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Toy Fair Roundup: Top Toy Trends of 2015

This week, we stopped by the 2015 International Toy Fair to get a sneak peek at the toy trends to watch for in 2015. From toys that talk (sans pull strings) to retro favorites with a new twist, we’ve rounded up the ones to watch.

The American International Toy Fair is the place to be to witness what’s at the forefront of creativity, technology, and play. New, old, big, and small, thousands of toys are displayed, but we’ve combed through the bright colors, scooters, stuffed animals, and action figures to let you know what’s on the rise for 2015.

Last year we saw toys that focused on offline play, and while they haven’t gone away, tech-forward toys took center stage this time around. Toy brands are embracing technology in a way that challenges its “mindless” reputation to emphasize its inquisitive, educational, and engaging possibilities. The biggest trends we saw involved giving old favorites a technological twist and a huge shift towards conversational playthings. Here’s what we saw: 

1. Real Talk

Over years of research, Mattel has found that the number one thing kids wish they could do with Barbie is talk to her. Well now technology is catching up with their wishes, and having a conversation with a toy—sans pullstrings, pre-recorded phrases, or Tuddy Ruxpin cassette tapes—is a major emerging trend. One of the big stories out of the Toy Fair is Mattel’s partnership with startup ToyTalk to release the new Hello Barbie, an internet-connected version of the doll that can have real back-and-forth conversations with kids. (Think a Siri/Barbie hybrid.) ToyTalk writers will create conversations about everything from favorite color to future aspirations based on their predictions of what kids will say. The doll is connected to the cloud, so the writers are able to change and evolve her dialogue over time. But she’s not the only talking toy in town. CogniToy, a talking small plastic dinosaur that looks like the child of Yoda and Barney, was unveiled at the Toy Fair, will be one of the first toys to hold a conversation with children. The child holds down a button on the figure’s belly, and speaks to CogniToy, who is connected to the Internet and IBM’s Watson cognitive cloud. CogniToy will respond to whatever they have said, and give age-appropriate answers. It can also remember the child’s name, likes, dislikes, can answer questions, do math, create stories, and tell jokes. Interactions are meant to inspire creativity and be educational, and will evolve with the child over time. Parents will be able to track their children’s play progress through a connected app. CogniToy’s unveiling was paired with a Kickstarter campaign which in three days has raised over $100,000, double its original goal. The smart Dino is the first of many planned to come.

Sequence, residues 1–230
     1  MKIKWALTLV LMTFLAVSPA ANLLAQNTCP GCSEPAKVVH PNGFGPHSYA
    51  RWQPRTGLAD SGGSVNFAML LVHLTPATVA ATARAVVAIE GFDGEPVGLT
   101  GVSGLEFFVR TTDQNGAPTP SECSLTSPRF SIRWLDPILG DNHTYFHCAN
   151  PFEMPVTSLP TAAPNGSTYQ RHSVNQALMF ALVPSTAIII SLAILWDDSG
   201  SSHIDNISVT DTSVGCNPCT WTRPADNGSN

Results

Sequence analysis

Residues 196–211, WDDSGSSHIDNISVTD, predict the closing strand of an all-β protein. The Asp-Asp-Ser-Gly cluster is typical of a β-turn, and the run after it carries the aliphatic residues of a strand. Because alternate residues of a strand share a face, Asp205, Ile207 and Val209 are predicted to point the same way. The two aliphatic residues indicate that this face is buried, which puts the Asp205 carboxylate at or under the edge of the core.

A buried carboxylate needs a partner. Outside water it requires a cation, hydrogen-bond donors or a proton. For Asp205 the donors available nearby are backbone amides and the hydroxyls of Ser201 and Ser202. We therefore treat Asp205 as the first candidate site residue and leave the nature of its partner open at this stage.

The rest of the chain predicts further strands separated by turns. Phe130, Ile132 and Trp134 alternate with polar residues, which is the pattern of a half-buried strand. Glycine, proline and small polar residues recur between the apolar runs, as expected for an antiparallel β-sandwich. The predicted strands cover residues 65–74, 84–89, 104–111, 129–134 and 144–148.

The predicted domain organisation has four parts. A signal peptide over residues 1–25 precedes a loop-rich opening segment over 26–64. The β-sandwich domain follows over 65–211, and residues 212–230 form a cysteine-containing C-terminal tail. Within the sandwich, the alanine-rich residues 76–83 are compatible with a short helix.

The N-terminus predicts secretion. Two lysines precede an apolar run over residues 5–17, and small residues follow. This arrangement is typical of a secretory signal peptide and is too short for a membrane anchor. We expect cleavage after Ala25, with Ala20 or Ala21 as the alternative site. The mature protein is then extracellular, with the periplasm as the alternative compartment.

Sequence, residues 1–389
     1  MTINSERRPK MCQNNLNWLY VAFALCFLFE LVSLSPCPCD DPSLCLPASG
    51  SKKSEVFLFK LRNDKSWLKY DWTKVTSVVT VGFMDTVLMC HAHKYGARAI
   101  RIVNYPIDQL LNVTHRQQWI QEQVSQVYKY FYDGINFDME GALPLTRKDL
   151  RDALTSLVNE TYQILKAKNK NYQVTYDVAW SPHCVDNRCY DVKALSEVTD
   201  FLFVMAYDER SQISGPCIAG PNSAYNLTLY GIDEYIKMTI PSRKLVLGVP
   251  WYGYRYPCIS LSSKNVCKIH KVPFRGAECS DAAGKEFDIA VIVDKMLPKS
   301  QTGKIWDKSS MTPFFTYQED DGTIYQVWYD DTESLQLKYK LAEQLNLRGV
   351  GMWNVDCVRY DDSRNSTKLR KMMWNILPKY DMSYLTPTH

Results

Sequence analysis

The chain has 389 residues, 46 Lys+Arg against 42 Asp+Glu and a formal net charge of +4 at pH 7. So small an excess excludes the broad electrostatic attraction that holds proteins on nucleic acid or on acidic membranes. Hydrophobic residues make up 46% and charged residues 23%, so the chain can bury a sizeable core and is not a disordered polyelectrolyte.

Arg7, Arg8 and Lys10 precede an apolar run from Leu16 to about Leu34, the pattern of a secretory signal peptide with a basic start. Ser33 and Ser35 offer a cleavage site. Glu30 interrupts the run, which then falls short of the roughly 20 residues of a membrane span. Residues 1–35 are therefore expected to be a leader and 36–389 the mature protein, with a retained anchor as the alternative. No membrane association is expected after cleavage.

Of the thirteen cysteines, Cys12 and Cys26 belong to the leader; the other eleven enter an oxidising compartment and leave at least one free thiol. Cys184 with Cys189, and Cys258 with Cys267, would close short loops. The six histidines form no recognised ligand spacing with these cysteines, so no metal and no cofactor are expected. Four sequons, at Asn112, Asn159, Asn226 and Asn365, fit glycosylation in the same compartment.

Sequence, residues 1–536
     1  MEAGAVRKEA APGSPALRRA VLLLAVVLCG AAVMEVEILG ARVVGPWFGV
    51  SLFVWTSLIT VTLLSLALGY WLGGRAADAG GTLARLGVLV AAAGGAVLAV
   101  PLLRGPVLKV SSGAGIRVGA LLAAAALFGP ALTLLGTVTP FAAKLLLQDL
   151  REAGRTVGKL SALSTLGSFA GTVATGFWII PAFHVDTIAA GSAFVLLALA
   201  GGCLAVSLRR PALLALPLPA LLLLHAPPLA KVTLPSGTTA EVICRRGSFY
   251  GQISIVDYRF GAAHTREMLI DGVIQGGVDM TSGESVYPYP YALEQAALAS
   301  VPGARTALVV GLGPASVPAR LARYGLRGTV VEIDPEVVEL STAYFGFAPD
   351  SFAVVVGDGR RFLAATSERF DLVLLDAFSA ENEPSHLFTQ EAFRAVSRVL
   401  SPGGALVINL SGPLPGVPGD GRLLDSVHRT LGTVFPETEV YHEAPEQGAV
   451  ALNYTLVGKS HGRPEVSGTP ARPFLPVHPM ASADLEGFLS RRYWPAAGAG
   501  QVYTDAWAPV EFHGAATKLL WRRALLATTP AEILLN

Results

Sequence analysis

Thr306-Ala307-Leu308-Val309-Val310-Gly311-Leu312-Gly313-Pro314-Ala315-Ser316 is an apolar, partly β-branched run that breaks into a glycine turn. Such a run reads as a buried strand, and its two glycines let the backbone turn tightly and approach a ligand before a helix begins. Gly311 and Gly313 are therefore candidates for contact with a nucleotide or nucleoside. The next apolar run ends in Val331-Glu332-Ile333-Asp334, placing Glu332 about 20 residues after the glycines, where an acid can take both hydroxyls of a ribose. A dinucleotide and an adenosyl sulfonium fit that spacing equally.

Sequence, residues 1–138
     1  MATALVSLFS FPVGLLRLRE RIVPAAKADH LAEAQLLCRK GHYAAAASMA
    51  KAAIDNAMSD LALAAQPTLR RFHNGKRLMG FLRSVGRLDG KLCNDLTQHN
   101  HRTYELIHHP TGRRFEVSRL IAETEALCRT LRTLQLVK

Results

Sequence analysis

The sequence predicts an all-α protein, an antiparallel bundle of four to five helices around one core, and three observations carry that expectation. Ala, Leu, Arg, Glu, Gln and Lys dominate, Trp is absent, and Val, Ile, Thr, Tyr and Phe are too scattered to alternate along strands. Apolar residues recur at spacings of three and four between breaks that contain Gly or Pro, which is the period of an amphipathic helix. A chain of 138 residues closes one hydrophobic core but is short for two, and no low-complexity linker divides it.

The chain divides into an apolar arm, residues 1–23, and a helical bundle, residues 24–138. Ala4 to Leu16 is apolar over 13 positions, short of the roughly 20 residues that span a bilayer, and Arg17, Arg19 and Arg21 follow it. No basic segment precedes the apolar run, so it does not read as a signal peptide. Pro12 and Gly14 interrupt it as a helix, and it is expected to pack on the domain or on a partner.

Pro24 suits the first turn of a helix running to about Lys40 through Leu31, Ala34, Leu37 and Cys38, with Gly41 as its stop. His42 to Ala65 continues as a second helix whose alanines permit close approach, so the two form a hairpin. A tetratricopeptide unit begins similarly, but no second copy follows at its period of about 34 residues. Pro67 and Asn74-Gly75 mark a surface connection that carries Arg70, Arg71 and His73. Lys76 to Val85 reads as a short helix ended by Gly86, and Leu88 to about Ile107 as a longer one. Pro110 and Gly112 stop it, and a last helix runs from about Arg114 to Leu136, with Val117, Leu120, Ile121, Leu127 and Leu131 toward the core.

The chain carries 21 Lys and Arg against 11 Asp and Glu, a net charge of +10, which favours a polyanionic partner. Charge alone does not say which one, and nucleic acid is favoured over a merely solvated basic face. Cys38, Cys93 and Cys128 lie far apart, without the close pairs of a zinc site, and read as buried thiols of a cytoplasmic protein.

2. In With The Old

Barbie is being given a tech-forward reboot in an attempt to put her back on top of the toy game, and Mattel is also attempting to reimagine a retro favorite for a new generation. They have teamed up with Google to bring back the classic View-Master, with a modern twist. The toy is now fueled by virtual-reality, and the old photo reels have been replaced by Google Cardboard, which uses augmented reality to create an immersive experience. All users will need is a smartphone and the Mattel app to view “360 degree photospheres” like Alcatraz, space shuttles, Star Wars, and more. Mattel has struggled with incorporating technology into its products, and most likely hopes that Google will help them out of a serious slump, while Google wants to introduce virtual reality to a younger audience.

3. Robot Friends

The Toy Fair’s 2015 Toy of the Year winner embodies a major trend: robot friends. Zoomer Dino (ok, dinosaurs were also clearly a trend) is an interactive toy that can be controlled with both hand gestures and a remote control. But while he uses true balance technology to roam on two wheels, he’s more robot than remote car. Kids can “tame” the dinosaur by teaching it to sit and speak, and when its tail is pulled, it dances, chases, chomps, or roars. The toy’s eyes change color “according to mood,” and he nuzzles those who have managed to train him. Zoomer Dino’s parent brand Spin Master also showed off Maccanoid, a programmable robot building kit allows for customization and control from an iPad app, and Zoomer Kitty, a robot cat that can be taught tricks, purr, and cuddle. Robot friends are clearly on the rise.